The weak recovery in UK house prices took a step backwards in November, according to the Halifax.
House prices rose 0.5 per cent between October and November, but at £283,615, the average British home was worth 1 per cent less than it was in November last year, the lender's latest House Price Index found.
The monthly 0.5 per cent increase follows a 1.2 per cent rise between September and October.
Nonetheless, given all the economic headwinds, property prices have “held up better than expected”, according to Kim Kinnaird, director at Halifax Mortgages.
“The resilience seen in house prices during 2023 continues to be underpinned by a shortage of properties available, rather than any significant strengthening of buyer demand,” she said.
“That said, recent figures for mortgage approvals suggest a slight uptick in activity levels, which is likely as a result of an improving picture on affordability for homebuyers.
“With mortgage rates starting to ease slightly, this may be leading to increased buyer confidence, seeing people more inclined to push ahead with their home purchases.
“However, the economic conditions remain uncertain, making it hard to assess the extent to which market activity will be maintained.
“Other pressures – like inflation, the broader cost of living, overall employment rates and affordability – mean we expect to see downward pressure on house prices into next year.”
The South East was the worst performing region in the UK, with property prices 5.7 per cent lower than in November 2022. The average home in the region now costs £373,943, a drop of £22,702.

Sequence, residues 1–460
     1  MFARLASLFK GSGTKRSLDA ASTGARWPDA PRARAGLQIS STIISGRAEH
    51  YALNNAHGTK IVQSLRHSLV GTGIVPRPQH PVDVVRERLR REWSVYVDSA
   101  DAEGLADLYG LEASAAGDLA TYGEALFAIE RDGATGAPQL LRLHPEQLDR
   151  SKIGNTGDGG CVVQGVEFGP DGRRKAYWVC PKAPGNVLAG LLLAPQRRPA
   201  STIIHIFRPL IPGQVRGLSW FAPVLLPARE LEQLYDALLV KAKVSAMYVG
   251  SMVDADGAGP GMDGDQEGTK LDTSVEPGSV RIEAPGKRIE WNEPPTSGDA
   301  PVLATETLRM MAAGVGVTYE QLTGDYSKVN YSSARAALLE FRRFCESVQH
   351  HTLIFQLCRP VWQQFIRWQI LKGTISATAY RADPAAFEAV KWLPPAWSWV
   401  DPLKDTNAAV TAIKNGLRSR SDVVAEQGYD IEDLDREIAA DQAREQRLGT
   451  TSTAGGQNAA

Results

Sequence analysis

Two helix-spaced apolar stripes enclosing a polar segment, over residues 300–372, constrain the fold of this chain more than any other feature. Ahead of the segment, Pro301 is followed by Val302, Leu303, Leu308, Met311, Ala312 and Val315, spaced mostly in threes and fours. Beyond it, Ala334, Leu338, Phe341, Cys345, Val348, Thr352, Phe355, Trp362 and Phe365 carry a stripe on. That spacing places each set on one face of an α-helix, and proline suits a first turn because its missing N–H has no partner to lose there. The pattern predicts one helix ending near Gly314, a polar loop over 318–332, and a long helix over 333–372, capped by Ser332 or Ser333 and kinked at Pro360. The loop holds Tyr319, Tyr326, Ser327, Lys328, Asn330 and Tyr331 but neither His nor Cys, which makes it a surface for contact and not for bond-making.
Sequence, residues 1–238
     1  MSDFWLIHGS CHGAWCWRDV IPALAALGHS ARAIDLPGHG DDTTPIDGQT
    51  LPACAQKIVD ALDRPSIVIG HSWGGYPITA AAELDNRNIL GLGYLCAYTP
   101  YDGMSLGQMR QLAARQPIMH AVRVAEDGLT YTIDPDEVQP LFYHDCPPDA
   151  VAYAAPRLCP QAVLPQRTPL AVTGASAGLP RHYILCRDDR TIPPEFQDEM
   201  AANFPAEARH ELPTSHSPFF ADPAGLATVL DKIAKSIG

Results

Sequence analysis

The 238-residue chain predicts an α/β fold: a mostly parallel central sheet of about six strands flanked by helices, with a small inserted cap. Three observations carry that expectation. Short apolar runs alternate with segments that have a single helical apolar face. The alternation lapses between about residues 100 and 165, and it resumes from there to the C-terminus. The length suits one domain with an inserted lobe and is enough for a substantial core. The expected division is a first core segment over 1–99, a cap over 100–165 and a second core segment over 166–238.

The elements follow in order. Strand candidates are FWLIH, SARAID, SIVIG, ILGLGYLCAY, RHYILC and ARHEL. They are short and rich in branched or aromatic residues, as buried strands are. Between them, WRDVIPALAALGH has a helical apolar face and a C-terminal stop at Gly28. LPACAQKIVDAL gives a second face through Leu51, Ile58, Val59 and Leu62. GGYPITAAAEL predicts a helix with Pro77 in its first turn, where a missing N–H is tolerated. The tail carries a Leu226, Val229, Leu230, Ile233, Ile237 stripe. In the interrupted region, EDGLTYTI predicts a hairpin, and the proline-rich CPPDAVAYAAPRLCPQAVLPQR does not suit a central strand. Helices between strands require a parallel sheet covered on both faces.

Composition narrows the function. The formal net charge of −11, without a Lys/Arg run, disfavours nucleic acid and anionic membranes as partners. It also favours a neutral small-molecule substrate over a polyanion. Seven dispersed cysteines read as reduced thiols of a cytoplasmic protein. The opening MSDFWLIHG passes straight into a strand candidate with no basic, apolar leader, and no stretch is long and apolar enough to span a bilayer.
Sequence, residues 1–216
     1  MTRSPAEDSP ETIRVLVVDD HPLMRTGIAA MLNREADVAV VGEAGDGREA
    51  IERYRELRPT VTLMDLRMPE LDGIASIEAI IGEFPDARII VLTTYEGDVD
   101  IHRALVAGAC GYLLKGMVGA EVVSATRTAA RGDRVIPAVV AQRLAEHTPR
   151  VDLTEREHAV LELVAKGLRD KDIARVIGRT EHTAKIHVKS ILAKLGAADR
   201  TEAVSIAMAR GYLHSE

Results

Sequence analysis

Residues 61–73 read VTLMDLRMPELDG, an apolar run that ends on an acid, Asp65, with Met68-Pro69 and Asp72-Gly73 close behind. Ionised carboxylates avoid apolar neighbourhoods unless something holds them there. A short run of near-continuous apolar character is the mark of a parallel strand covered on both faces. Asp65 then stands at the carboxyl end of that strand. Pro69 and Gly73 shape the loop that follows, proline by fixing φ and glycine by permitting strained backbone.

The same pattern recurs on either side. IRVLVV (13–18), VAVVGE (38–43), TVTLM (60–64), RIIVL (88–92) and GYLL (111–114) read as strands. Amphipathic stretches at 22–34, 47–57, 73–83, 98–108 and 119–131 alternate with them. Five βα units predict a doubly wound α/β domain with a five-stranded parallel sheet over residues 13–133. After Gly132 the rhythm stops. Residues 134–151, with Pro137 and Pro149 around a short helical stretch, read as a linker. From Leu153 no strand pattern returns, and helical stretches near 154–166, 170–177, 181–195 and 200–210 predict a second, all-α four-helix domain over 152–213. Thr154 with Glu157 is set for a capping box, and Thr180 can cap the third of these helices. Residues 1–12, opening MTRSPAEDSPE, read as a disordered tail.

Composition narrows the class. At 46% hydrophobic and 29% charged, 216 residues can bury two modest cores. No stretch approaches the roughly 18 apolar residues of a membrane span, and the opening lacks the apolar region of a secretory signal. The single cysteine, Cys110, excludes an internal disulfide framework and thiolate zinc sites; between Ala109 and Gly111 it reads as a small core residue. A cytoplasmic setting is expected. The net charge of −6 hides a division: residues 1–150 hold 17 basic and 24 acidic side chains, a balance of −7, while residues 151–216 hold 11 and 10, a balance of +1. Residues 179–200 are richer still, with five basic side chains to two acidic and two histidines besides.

As usual, London retained the top spot for the highest average house price in Britain, even though they have fallen by 3.8 per cent over the past year. The average house price in the capital is now £524,592.
The Halifax found that Northern Ireland was the strongest performing UK region in November. There, house prices rose by 2.3 per cent on an annual basis, with the average home now costing £189,684 – £4,294 higher than at the same time last year.
In Scotland, house prices were largely flat over the year, while they fell by 1.5 per cent in Wales, where the average house cost £215,787 in November.
The figures point to a degree of stability returning to the UK market, but with the full effect of more than a dozen increases to interest rates by the Bank of England still to be felt, the light at the end of tunnel for house prices remains very dim.
“While the data offers hope that stability has returned to the property market, it may be the calm before the storm if house prices weaken over the course of next year as the drag effect from the Bank of England’s 14 interest rate hikes continues to filter through to the market,” said Alice Haine, personal finance analyst at Bestinvest.
“It means sellers may be forced to price their homes more competitively to secure a sale while mortgage rates are expected to ease further though remain high in line with the ‘higher for longer’ mantra for interest rates from the Bank of England.”
All eyes now turn to next week's meeting of the rate-setting Monetary Policy Committee at the Bank of England, where interest rates are expected to stay on hold at 5.25 per cent.
“Prospective home buyers and residential buy-to-let investors seem to be continuing a cautious approach, with many putting on hold their plans, instead waiting to see what happens with mortgage rates in the longer term,” said Alan Davison, personal finance distribution director at Together.
“It will be interesting to find out what position the Bank of England takes when it makes its next interest rate decision at a meeting next week.
“Many will have their focus on the potential impact this may have on their property plans in the next 12 months.”